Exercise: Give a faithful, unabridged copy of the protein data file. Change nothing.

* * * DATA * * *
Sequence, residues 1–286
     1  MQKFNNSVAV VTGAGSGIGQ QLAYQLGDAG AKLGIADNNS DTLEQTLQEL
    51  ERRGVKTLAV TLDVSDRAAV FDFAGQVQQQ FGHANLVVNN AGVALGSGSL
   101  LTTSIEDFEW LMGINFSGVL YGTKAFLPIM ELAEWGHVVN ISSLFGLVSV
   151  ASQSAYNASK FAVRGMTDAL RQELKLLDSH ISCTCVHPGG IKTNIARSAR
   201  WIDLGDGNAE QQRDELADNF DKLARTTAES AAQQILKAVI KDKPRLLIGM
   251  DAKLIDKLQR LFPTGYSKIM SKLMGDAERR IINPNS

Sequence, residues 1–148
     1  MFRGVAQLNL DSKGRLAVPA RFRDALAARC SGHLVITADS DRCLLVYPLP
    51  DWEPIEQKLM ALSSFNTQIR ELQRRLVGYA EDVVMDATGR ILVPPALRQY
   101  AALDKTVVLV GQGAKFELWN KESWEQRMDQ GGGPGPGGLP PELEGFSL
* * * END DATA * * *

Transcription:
Sequence, residues 1–286
     1  MQKFNNSVAV VTGAGSGIGQ QLAYQLGDAG AKLGIADNNS DTLEQTLQEL
    51  ERRGVKTLAV TLDVSDRAAV FDFAGQVQQQ FGHANLVVNN AGVALGSGSL
   101  LTTSIEDFEW LMGINFSGVL YGTKAFLPIM ELAEWGHVVN ISSLFGLVSV
   151  ASQSAYNASK FAVRGMTDAL RQELKLLDSH ISCTCVHPGG IKTNIARSAR
   201  WIDLGDGNAE QQRDELADNF DKLARTTAES AAQQILKAVI KDKPRLLIGM
   251  DAKLIDKLQR LFPTGYSKIM SKLMGDAERR IINPNS

Sequence, residues 1–148
     1  MFRGVAQLNL DSKGRLAVPA RFRDALAARC SGHLVITADS DRCLLVYPLP
    51  DWEPIEQKLM ALSSFNTQIR ELQRRLVGYA EDVVMDATGR ILVPPALRQY
   101  AALDKTVVLV GQGAKFELWN KESWEQRMDQ GGGPGPGGLP PELEGFSL